Q481  Paul Holmes: Is this not all very alarming? In some of the earlier evidence sessions we have had, we have heard that a lot of the new wave of schools are not very good as educational places to work in and learn in and now we are hearing from you that also they are not actually very sustainable either, even that they are going to be less sustainable than what they are replacing. The Government have launched a sustainable schools strategy this year and they have said that care for the environment will be second nature to all the pupils in the new school building programme, yet the evidence seems to be quite the opposite. The Sustainable Development Commission has said that the Government have not thought it through, they do not know whether the new schools estate will mean higher or lower carbon emissions or what the impact will be on water demand, waste production and traffic. This is very worrying. It is more than worrying, it is a disaster, is it not?

  Dr Davies: It is a clear opportunity to do a lot better and it really does start with that mapping of the policy through to delivery in setting a vision of what is going to be the contribution of this programme to carbon reduction. Schools are 15% of the public sector's carbon footprint. There is a tremendous opportunity in this programme to demonstrate through leadership how that can be reduced through good construction.

  Q482  Paul Holmes: What would be the key features in a list of five, shall we say, of what should be a sustainable school? What are the most important things?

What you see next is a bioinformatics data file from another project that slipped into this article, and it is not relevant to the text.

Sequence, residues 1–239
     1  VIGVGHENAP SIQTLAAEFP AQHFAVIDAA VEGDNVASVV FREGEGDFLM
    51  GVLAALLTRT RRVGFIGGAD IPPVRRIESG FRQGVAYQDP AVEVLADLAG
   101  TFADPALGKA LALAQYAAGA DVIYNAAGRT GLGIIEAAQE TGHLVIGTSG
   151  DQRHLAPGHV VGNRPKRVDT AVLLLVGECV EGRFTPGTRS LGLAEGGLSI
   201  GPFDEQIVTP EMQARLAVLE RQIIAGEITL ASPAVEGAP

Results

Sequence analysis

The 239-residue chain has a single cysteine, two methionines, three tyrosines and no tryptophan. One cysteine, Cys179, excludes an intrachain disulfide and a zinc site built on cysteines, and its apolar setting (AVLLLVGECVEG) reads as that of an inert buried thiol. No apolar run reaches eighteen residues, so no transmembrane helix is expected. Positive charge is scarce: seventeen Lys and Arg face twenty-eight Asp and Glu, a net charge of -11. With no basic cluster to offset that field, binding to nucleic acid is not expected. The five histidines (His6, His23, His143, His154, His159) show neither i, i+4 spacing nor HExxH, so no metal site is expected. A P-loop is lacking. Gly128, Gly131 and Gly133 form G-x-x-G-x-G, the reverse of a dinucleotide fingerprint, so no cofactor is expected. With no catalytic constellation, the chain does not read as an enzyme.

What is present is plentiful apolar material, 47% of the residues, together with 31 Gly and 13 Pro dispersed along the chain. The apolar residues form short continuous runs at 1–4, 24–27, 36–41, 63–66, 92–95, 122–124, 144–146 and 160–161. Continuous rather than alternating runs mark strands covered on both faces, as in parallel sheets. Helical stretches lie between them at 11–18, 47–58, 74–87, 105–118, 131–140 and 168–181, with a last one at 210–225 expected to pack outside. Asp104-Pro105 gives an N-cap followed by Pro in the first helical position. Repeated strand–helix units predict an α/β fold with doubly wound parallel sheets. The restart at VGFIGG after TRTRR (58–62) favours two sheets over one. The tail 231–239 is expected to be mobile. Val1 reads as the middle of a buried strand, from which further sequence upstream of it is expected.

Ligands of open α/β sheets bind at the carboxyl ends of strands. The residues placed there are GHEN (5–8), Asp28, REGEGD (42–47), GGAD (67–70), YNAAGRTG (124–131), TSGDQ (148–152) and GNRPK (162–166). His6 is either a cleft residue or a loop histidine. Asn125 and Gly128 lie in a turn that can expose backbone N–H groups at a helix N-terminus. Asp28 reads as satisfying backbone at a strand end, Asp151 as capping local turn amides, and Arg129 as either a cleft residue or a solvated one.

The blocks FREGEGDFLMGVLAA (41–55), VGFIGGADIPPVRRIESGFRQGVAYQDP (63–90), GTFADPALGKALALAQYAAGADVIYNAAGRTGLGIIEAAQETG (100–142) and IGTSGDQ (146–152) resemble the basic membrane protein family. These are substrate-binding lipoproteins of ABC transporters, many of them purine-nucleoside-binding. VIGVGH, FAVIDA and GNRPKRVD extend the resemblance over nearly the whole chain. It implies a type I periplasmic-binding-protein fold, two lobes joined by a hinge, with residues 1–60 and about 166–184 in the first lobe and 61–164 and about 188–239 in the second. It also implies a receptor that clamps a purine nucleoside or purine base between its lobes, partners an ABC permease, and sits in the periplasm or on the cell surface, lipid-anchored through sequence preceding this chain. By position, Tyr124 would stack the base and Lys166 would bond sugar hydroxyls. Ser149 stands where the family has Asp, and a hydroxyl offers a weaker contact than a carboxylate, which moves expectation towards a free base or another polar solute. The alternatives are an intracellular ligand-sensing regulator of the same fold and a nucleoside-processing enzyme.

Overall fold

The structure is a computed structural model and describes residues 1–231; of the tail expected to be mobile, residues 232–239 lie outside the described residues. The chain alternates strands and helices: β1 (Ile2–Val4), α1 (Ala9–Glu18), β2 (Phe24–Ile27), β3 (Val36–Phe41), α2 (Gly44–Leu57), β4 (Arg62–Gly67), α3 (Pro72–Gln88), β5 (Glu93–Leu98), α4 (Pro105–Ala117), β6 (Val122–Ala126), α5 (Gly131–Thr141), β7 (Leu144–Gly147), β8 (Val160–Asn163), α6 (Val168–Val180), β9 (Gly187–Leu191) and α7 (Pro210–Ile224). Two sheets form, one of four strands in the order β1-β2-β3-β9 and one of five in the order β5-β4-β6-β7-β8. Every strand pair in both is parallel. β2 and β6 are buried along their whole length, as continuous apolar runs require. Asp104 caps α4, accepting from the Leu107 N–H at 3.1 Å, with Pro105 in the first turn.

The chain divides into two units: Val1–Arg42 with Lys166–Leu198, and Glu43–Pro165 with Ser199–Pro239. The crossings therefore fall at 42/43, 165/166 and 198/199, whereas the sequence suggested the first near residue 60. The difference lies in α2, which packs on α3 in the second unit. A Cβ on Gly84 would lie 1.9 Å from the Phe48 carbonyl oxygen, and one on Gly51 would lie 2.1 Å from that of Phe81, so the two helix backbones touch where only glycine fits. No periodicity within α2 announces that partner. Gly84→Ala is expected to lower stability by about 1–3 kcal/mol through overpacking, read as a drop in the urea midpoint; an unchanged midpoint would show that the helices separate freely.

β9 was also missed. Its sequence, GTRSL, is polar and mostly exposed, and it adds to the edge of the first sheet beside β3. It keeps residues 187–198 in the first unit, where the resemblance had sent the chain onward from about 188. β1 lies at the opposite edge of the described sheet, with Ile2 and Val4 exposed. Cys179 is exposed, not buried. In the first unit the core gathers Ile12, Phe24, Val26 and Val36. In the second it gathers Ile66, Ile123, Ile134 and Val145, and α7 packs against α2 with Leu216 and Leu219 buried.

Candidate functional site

Dr Davies: Before I come on to the bricks and mortar, what we are looking for is something with the minimum environmental footprint but the maximum environmental "mind print", as I call it. There is a tremendous opportunity here to affect the way that children who will soon be adults and who will soon be consumers think about the world. I had the opportunity yesterday to visit Beaumont Primary School in Hadleigh, Suffolk where a lot of the inherent structure has been got right: there is the natural lighting and there is the natural ventilation. Yes, there is a windmill but there is a living green roof, solar panels, rainwater collection and so on. That has a tremendous educational impact on the kids and it is integrated in their curriculum. That is all absolutely fabulous and there are a few such beacons of good practice. In terms of what the features should be—and we have mentioned some of them already—there should be as much natural lighting and natural ventilation as possible, probably something around high thermal mass so that we are proofed against climate change tipping us into air conditioning and its high carbon footprint. I think that another very important one is on site electricity generation, whether that is windmill, solar or whether it is biomass or indeed whether it is even quite old-fashioned technology in terms of gas powered combined heat and power where there is a tremendous carbon saving from generating electricity locally in a school. That would be my list but I am sure that my colleagues here would have another list.